Although isolated bus paralleled systems do not offer some of the advantages of full utility- and generator-paralleled closed-transition systems, they offer more flexibility than non-paralleled systems.
Closed-transition paralleled generator systems can provide many advantages, especially for large and power dense applications. There is a legitimate concern in the industry relating to the single point of failure that the utility and generator closed-transition paralleling gear can represent. This concern can be minimized by providing a tie breaker between generator systems that will allow for one of the generator system paralleling boards to feed through the other generator system paralleling board in the event of a single generator system board failure.
Also, for projects incorporating a phased modular build out design, utility and generator paralleling gear can represent extra upfront cost in the first phase of the design.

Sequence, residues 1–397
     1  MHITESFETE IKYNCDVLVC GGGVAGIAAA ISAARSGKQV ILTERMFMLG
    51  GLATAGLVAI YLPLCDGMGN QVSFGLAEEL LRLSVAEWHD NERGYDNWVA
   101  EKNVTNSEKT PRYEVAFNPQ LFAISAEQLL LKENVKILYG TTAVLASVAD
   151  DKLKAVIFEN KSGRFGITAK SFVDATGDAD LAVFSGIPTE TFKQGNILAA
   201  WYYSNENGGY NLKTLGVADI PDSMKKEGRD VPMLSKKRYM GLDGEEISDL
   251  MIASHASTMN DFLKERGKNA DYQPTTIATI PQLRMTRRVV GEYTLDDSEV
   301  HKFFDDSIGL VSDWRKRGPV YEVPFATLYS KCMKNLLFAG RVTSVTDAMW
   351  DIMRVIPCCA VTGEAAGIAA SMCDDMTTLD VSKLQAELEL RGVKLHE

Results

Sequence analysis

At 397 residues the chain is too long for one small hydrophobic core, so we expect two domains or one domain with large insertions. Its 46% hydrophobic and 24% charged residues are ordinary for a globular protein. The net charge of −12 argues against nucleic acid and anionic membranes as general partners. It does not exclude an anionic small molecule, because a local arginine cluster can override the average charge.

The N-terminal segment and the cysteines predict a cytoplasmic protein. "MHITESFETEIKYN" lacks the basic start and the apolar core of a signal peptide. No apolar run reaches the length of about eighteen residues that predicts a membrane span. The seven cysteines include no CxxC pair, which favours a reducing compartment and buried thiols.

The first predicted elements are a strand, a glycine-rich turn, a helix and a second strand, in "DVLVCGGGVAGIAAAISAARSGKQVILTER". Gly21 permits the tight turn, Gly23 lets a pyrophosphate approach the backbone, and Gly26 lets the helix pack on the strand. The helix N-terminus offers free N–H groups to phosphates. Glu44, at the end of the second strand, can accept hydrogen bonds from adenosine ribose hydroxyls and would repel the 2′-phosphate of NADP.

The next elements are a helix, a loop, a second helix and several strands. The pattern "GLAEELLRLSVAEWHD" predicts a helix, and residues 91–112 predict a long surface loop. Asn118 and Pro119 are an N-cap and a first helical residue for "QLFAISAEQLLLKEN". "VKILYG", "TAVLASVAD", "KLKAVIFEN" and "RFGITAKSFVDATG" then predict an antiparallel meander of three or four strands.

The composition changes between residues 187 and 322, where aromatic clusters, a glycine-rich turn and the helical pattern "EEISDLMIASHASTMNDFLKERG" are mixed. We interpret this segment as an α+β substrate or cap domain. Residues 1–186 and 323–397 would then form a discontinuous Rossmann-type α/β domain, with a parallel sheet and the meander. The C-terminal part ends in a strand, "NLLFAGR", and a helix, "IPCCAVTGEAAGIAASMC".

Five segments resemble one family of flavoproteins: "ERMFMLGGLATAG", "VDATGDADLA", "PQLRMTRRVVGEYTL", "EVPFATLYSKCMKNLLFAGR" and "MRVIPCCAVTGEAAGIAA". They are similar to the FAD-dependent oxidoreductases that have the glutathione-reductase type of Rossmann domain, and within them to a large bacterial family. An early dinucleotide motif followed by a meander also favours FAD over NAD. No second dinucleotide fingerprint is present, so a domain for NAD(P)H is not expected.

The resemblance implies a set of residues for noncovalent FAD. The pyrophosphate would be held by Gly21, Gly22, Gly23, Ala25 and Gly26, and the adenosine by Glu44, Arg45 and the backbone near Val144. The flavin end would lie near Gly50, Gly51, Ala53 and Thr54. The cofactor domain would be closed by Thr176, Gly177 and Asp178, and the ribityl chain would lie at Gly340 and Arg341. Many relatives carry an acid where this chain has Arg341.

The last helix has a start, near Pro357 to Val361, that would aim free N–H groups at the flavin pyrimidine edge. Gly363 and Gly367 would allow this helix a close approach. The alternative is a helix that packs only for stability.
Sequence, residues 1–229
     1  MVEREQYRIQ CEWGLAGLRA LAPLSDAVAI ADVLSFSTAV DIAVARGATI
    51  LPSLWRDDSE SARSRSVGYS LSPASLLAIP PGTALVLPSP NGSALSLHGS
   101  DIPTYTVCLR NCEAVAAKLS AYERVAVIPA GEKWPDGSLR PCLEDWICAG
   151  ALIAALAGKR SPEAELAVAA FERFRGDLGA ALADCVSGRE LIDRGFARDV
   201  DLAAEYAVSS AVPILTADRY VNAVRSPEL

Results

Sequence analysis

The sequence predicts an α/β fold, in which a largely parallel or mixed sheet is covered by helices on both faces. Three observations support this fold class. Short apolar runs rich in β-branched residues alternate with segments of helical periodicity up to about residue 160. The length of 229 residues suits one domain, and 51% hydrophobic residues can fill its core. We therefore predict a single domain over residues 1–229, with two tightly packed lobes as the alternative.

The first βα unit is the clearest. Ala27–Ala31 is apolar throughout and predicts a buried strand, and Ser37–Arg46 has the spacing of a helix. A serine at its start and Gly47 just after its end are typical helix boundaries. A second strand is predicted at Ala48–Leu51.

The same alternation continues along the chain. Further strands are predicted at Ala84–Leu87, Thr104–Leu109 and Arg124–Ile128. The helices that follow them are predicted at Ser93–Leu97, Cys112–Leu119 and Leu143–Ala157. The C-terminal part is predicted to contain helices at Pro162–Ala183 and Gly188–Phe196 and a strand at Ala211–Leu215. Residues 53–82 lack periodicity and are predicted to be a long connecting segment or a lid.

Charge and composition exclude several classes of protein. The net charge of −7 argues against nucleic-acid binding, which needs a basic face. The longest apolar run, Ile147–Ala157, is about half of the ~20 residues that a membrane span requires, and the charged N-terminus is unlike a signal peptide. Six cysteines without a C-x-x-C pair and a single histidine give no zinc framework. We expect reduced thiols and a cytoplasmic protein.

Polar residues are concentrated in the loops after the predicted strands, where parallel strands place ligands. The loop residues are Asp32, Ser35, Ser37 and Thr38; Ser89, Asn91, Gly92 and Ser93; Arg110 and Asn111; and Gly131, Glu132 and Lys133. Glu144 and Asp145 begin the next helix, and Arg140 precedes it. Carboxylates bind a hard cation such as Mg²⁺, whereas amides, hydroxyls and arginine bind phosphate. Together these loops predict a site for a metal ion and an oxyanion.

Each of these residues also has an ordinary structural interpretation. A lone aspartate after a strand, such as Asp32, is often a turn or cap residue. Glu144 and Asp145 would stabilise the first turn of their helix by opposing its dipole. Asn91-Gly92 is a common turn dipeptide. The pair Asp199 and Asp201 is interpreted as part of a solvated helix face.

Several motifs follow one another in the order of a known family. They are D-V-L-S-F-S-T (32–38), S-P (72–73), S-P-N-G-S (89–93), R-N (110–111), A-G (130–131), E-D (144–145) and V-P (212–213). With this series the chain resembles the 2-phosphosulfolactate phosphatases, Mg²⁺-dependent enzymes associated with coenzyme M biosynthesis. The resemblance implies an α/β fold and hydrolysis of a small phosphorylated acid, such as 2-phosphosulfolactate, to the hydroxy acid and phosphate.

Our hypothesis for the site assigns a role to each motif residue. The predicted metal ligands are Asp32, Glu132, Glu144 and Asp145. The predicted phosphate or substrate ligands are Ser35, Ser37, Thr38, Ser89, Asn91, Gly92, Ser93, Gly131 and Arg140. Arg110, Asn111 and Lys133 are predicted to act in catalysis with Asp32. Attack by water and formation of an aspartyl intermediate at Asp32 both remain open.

In addition, there is typically extra expense involved in the planning, engineering coordination and supplementary relay protection that is normally required when adopting a closed transition paralleling system.
To sum up, a closed-transition utility- and generator-paralleled system has its pros and cons over other methods of providing additional generator redundancy. A good understanding of the available systems is required to provide the most cost effective, efficient and reliable system for a specific design application.
Articles in This Series
- Part 1: Sizing and Code Issues
- Part 2: The Effects of Harmonics
- Part 3: Complying with the Codes and Controlling Noise
- Part 4: Fuel Configurations for Standby Gensets
- Part 5: Paralleling Generators in Critical Applications
- Part 6: Generator Sizing and UPS
- Part 7: Commissioning, Training and Long-Term O&M Programs
- Part 8: Basic Calculations for Sizing Generators and the Impacts of Certain Loads
- Part 9: Design Criteria for Grounding
- Part 10: Generators and the 2005 NEC